Opening a Restaurant Franchise
Who doesn’t love food? And what could be better than turning your love for food into your work, right? But beginning a food joint is one thing. Creating a brand that customers inevitably end up visiting regularly is a whole different ball game. That is where Restaurant Franchise come in.
The Restaurant Franchise business model has evolved over the past few years in India and turned out to be an extremely profitable venture. Deemed as a low-risk, high-profit business plan, it is a business strategy now followed across the globe with exceptional results and high RoI (Return on Investment). The biggest brands in the market (McDonald’s, Subway, etc.) follow this format and have gained international success.
But that is a global concept. Before going any further, a burning question needs to be addressed. First and foremost, is the food franchise a profitable option in India? Well, here’s a story, and food for thought.
Ravi Jaipuria, chairman of RJ Corp, is the 53rd richest man in India. At the time this sentence was being written, Forbes estimated his net worth at a whopping USD 2.73 Billion. For perspective, that is close to Twenty Thousand. Crore. And this wealth has been amassed via franchises like Pepsi, Costa Coffee, KFC, Pizza Hut, Taco Bell, and Vango.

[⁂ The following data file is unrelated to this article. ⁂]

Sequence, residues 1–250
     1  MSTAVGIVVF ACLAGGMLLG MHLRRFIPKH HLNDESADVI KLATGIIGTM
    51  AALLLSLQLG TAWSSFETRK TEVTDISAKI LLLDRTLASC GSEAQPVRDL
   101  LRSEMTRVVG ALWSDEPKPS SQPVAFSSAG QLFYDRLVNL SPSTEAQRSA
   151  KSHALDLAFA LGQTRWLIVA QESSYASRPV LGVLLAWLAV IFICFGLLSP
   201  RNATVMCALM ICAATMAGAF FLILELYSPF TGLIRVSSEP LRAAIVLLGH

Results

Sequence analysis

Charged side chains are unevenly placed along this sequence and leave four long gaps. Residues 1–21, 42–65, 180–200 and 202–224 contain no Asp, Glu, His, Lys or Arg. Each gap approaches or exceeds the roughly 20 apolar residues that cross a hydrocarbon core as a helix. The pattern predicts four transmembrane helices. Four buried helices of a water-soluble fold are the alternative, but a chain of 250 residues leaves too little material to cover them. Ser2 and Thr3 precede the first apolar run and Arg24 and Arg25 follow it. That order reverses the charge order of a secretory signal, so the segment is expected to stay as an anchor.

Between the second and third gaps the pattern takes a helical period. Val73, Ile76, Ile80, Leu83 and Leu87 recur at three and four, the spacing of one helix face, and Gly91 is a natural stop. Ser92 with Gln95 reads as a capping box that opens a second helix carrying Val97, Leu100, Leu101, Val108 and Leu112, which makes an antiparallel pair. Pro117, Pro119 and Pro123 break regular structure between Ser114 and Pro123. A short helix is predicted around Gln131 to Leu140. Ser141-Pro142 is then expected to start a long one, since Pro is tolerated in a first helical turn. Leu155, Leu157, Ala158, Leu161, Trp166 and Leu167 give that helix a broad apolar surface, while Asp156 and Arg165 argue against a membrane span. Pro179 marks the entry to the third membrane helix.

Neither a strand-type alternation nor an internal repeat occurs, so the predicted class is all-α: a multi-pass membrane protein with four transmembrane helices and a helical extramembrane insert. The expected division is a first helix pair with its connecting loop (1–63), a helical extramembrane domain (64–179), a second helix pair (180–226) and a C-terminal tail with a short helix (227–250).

The Indian franchising industry is roughly estimated at USD 30 billion and is expected to touch USD 50 billion by 2022.
If you plan on venturing into the great Indian food industry, franchising could be your best bet to start with. The repute of a brand name, a tried and tested business module, prime quality products, fully equipped operations training are just a few of the benefits of franchises. Let us break down the complete process of franchising, and delve deeper into this billion-dollar ballgame.
Before we start, three key terms to keep in mind —
- Franchisee: An individual/group who buy(s) the right to run an already-established business model. By buying a franchise, the franchisee gains access to sell the product and/or services of the business.
- Franchisor: The business that allows a franchisee to start a new unit or setup by giving access to its business process and charges franchise fee from the franchisee in return.
- Franchise Fee: The initial payment that a franchisee pays upon signing an agreement. Apart from that, a franchisee is obligated to pay other recurring fees such as advertising fees, royalty and renewal fees
How do franchise businesses work?
Different brands follow different franchise models, but the core concept is similar, i.e. –
The franchisee explores different franchise opportunities and picks the one most suitable for them. Once the prospective franchisor is decided upon, the franchisee can enquire and decide whether they have the necessary resources and knowledge to start the business. If all conditions are met, both parties go ahead and sign the franchise agreement.